History Articles - Friends of the Descanso Library

Descanso Branch Library - 9545 River Dr. (619)445-5279
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A Little of This and That

By Don Russell

Photos by Lewis F. Russell

Kids who lived around Hulburd Grove, circa 1928
Photo 41. Kids who lived around Hulburd Grove , circa 1928-1929. From the left are: Richard Cornelius, Don Russell, a friend of Howard’s, Barbara (Richard’s sister,) and Howard Palmer. Richard and Barbara’s folks had a cabin in the “National City Tract” down near Perkins’ Store. Don’s dad, Frank, was the “picture man and carpenter.” Howard’s father was Irving Lee Palmer, one of the triad who founded Hulburd Grove Guest Ranch and Hulburd Grove Estates. The background shows some of the estate homes.

Don on Willies Knight
Photo 42. Don Russell on the running board of his Dad’s Willies Knight in front of their home in HE lots 74 and 75.Frank Russell worked as carpenter for the United States Forest Service. During major fires, he was a cook in fire camp. On One occasion, the car was used as ambulance for some burned firemen on a fire up in San Mateo canyon in the Orange County area. Note the spare tire cover.

Inez Gorton
Photo 43. Inez Gorton, Descanso’s first librarian. When my folks moved out of the Imperial Valley in the late teens, they met and became close life-long friends with Inez and Warren Gorton. Prior to this time, the Gortons owned and operated the Oak Grove store that later became Perkins.

Brawley, Ca. Main Street, 1908
Photo 44. Brawley, Ca. Main Street, Circa 1908.

Marine Memorial Servie, Hauser Canyon
Photo 45. Marines holding memorial service for Marines who burned and died in the Hauser Canyon fire, circa 1943. Hauser Canyon was in the Cleveland National Forest, east of Barrett Lake and north-west of Campo. This happened during the WWII period when military crews worked on fires, because so many regular firefighters were in the military service. A monument stands on this spot to commemorate the terrible loss.

Jacumba rest stop
Photo 46.Jacumba – the cool rest stop along old highway 80, Circa 1920’s. Folks driving out of the valley in the early days would stop in Jacumba. There was a “Cool Drink Stand” just ahead of where these cars are parked. This was probably the second shady spot since they left home. The first was a spring with some small shade and water about two-thirds of the way up the “In-ko-pa grade.” The spring gave the name to Mountain Springs Grade. At the time, Jacumba had a garage, a four story hotel, cafes and resort surrounding two or three hot springs.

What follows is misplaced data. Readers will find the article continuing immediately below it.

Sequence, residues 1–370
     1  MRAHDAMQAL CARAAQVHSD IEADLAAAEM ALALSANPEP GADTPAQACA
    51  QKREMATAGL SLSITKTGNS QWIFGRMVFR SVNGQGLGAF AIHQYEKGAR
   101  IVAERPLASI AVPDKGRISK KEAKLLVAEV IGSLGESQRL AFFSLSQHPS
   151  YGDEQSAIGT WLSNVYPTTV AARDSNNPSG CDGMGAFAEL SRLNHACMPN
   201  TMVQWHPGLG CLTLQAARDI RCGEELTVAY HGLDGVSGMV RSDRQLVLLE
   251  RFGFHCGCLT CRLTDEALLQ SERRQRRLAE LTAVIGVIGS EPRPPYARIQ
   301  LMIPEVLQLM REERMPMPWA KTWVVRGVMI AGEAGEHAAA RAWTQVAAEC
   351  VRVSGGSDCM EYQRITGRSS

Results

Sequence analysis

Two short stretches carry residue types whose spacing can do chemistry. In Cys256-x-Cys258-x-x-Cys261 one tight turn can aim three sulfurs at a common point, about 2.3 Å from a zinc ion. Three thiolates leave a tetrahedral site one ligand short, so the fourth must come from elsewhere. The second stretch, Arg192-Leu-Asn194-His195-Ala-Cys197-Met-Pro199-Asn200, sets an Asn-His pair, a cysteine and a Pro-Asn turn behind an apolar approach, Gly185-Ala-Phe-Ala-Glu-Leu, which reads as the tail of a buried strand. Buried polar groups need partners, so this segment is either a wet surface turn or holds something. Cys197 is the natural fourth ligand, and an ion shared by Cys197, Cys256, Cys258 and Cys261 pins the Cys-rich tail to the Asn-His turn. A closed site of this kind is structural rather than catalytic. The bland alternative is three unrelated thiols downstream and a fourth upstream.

man tarred and feathered during ww1

The man who was tarred and feathered in this historical picture was a fellow from Brawley, Ca., who openly backed the Kaiser during WWI. We've heard of people being tarred and feathered but never knew it happened. This picture is proof that this type of violence really occurred. Few customers have bought the tarred and feather picture but many people express shock and surprise about the abuse. A high school teacher did purchase this picture to show his students that such events did occur. There are two other images of this same event occured.

A tarred and feathered man during WW1
Photo 47. The man was pro-German and bragged about how great the Kaiser was doing. He was advised not to keep it up, but he continued. So he was tarred and feathered. My father Lewis F. Russell took this picture.

Old Plank Road
Photo 48. The old Plank Road, circa 1950-1960. From east of Holtville at the edge of the sand to the east edge of the sand west of Yuma, Old Highway 80 was made from planks held together by metal straps, with periodic turn-outs for passing. Over the years, desert campers tore it up and used the planks for campfires.

The second Grammar School, 1930
Photo 49. The second Grammar school for Descanso, circa 1930.
The dead pines you see today (4/33/15) are those three foot high trees in the photo.

Stella Ritter Barrows in front of Perkins store, 1930
Photo 50. Stella (Ritter) Barrows in front of Perkins Store, circa 1930. The Ritter family lived in Descanso for a long time, The Barrows worked for the United States Forest Service.


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